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A Game of Thrones (A Song of Ice and Fire,…

A Game of Thrones (A Song of Ice and Fire, Book 1) (edition 2011)

by George R.R. Martin

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25,58182844 (4.39)4 / 1283
Title:A Game of Thrones (A Song of Ice and Fire, Book 1)
Authors:George R.R. Martin
Info:Bantam (2011), Edition: Reprint, Paperback, 720 pages
Collections:Read but unowned

Work details

A Game Of Thrones by George R. R. Martin

  1. 204
    The Blade Itself by Joe Abercrombie (MyriadBooks, Navarone, martlet)
  2. 172
    Gardens of the Moon by Steven Erikson (majkia)
    majkia: Both feature war-torn landscapes, confusing and conflicting motivations for main characters, and focus on complex characters whose loyalties are strained and oftentimes change.
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    Tigana by Guy Gavriel Kay (allthesedarnbooks)
  4. 152
    Shogun: A Novel of Japan by James Clavell (saturnine13)
    saturnine13: If you like gritty, faux historical fiction, how about another with an asian flavor? Shogun, like A Game of Thrones, concerns the byzantine political intrigues of a multitude of different characters painted in moral shades of grey, generously heaped with gruesome action and heart-breaking romance. While Shogun lacks dragons, it does have the added interest of being mostly based upon real events and people.… (more)
  5. 120
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  6. 100
    The Hedge Knight II: Sworn Sword by George R. R. Martin (jpers36)
  7. 101
    Last Argument of Kings by Joe Abercrombie (music2084)
  8. 125
    The Great Book of Amber by Roger Zelazny (ryvre)
    ryvre: Both are fantasy books with lots of politics and intrigue among the royal families.
  9. 60
    The Iron King by Maurice Druon (Fayries)
    Fayries: George R. R. Martin himself wrote that "Druon's series was one of my major inspirations".
  10. 40
    Acacia: The War with the Mein by David Anthony Durham (Anonymous user)
  11. 40
    Malice by John Gwynne (Toby_Sugden)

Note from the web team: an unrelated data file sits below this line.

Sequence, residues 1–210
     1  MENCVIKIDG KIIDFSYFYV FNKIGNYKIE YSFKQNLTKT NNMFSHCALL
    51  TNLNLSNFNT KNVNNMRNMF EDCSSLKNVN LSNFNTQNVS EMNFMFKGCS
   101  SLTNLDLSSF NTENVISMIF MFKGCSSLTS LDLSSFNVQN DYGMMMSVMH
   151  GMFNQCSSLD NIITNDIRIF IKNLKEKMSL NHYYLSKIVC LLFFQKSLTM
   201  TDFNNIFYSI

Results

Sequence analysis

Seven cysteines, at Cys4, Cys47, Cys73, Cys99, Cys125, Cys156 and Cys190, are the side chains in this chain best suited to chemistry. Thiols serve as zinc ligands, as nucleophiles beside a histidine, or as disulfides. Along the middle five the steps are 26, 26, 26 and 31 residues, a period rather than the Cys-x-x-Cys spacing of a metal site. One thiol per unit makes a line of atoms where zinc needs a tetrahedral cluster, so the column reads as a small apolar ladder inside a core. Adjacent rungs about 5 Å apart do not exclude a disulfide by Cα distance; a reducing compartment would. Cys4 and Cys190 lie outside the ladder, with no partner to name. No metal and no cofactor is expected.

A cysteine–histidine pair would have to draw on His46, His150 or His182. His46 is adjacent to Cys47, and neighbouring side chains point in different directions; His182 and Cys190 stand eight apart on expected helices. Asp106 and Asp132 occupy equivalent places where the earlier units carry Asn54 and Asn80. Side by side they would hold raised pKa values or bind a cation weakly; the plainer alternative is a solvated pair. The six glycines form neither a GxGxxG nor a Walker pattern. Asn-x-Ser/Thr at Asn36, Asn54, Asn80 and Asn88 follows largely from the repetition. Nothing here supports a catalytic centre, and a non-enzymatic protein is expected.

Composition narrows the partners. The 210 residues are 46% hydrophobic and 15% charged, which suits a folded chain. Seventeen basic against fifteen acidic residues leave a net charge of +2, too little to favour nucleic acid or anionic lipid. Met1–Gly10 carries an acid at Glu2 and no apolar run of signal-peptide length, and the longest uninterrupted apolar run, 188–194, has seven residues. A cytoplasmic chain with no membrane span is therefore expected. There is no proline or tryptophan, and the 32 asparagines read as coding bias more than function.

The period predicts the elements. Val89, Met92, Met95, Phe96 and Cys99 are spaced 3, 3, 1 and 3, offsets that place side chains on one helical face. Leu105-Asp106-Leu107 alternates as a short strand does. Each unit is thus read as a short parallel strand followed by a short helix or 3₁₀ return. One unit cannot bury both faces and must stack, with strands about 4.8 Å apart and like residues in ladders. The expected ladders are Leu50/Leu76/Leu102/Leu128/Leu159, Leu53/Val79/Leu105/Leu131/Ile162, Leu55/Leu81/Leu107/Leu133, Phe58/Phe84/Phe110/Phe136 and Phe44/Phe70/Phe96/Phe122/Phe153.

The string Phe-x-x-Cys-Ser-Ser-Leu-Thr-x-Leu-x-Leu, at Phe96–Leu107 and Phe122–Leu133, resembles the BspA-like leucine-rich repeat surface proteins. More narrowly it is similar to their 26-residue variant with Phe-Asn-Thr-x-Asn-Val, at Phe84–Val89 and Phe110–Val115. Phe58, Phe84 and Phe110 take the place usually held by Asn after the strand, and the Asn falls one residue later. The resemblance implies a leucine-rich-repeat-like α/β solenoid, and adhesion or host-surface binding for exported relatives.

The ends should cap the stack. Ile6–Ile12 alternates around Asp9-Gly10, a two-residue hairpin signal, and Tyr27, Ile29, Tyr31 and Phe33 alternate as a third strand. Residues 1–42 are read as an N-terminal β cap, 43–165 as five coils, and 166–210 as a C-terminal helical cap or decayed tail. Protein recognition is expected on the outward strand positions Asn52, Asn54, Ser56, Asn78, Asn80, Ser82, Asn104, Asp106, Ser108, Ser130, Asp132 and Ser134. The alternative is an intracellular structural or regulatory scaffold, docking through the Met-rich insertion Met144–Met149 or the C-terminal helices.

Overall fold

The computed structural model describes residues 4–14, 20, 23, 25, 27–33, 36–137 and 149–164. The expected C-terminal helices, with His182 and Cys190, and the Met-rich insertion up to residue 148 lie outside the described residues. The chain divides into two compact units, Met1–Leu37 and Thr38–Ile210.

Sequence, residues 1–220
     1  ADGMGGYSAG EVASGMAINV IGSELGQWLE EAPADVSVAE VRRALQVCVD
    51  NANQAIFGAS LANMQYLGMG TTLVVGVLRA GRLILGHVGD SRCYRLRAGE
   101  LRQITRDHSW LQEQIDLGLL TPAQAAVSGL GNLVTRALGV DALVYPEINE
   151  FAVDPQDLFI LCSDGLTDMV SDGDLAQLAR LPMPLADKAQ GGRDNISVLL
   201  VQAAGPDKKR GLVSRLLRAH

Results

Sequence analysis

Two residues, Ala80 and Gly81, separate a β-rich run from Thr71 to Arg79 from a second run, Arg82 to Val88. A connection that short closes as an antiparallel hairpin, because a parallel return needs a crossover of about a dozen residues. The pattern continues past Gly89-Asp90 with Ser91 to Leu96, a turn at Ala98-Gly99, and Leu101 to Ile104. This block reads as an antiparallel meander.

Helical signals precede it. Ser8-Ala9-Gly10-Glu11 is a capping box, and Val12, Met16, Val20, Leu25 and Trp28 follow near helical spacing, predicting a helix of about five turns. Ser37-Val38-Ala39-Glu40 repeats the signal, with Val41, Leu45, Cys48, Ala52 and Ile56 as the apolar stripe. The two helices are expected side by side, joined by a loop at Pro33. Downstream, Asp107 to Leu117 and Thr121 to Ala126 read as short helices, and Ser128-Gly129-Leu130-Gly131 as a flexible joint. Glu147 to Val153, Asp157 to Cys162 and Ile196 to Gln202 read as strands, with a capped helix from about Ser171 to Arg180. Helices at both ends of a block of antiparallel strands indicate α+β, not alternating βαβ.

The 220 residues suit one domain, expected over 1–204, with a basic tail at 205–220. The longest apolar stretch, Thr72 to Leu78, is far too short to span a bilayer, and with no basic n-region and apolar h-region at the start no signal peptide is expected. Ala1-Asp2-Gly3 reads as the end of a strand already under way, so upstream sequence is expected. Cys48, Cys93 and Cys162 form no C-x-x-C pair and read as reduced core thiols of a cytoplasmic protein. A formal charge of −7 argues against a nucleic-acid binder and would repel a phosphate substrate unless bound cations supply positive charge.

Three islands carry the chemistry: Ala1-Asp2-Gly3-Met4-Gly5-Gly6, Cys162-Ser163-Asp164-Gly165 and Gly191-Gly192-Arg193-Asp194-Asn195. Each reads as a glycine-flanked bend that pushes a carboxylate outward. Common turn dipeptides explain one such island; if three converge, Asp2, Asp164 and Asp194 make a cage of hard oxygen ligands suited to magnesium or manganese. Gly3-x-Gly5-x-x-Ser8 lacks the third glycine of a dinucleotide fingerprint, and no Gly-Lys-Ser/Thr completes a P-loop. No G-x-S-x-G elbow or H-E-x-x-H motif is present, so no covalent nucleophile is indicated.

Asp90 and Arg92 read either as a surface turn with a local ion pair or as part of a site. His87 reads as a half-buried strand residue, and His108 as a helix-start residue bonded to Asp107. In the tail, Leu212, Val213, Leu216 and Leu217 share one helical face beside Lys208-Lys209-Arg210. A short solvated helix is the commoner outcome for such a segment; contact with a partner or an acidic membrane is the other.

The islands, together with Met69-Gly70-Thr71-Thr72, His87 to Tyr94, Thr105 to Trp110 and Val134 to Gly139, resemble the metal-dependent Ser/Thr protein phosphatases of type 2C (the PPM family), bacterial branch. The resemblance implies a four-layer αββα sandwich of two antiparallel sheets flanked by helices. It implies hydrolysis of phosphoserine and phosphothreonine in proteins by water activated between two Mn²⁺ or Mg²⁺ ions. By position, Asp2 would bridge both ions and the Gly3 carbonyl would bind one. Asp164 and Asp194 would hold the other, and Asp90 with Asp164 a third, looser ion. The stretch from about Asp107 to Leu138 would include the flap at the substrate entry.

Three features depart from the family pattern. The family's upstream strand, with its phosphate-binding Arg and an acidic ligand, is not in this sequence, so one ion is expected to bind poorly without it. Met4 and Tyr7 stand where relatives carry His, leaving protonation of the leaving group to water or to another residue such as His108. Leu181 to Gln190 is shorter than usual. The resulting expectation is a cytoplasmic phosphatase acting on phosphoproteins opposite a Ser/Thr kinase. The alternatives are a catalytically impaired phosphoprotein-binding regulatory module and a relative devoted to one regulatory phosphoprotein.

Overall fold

Toby_Sugden: The start of what looks like a great fantasy series
  12. 40
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  13. 40
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  14. 41
    Dragon Bones by Patricia Briggs (quenstalof)
    quenstalof: Both are high fantasy epics with dragons :-)
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    sboyte: Like Game of Thrones, this book shows us the lives of medieval men and women with a bit of magic and politics thrown in.
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  17. 31
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(see all 29 recommendations)

1990s (3)

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English (784)  Spanish (14)  French (6)  Dutch (5)  German (5)  Finnish (3)  Swedish (2)  Catalan (2)  Portuguese (Brazil) (2)  Danish (2)  Italian (1)  Polish (1)  Hungarian (1)  Portuguese (Portugal) (1)  All languages (829)
Showing 1-5 of 784 (next | show all)
I love historically nuanced fantasy novels. I also love hefty bildungsroman tomes that often pass by too quickly for my liking, no matter how long they happen to be. Add in multiple character arcs, a little magic, and make those historical nuances medieval and my heart goes aflutter. The heart fluttering might just be a reaction to all the caffeine I down as I storm the book cover barrier walls and gobble up page after page come to think of it. No matter, though.

This is my long-winded way of saying I fully expected to enjoy this book. Still, it waited for quite some time on my TBR back burner. Primarily for two reasons: One, I was worried it would be horrid, a total disappointment; Two, I get really tired of one of the most pervasive parts of medieval reference fantasy - rape. Despite playing leak limbo ever since the HBO series first aired, some of Daenerys' character arc seeped through and I was aware of the disturbing nature of her storyline. And despite my stubborn refusal to read through reviews prior to reading a book, I coasted my way through a couple whilst reading A Game of Thrones because it's loooong. I know some readers/reviewers love Daenerys' storyline, call it feminist and empowering, while some abhor it, call it the very opposite. This is something I feel strongly about and I'm sure there will be plenty that won't agree but here it is: I like how Martin wrote Daenerys, I like how he told her story.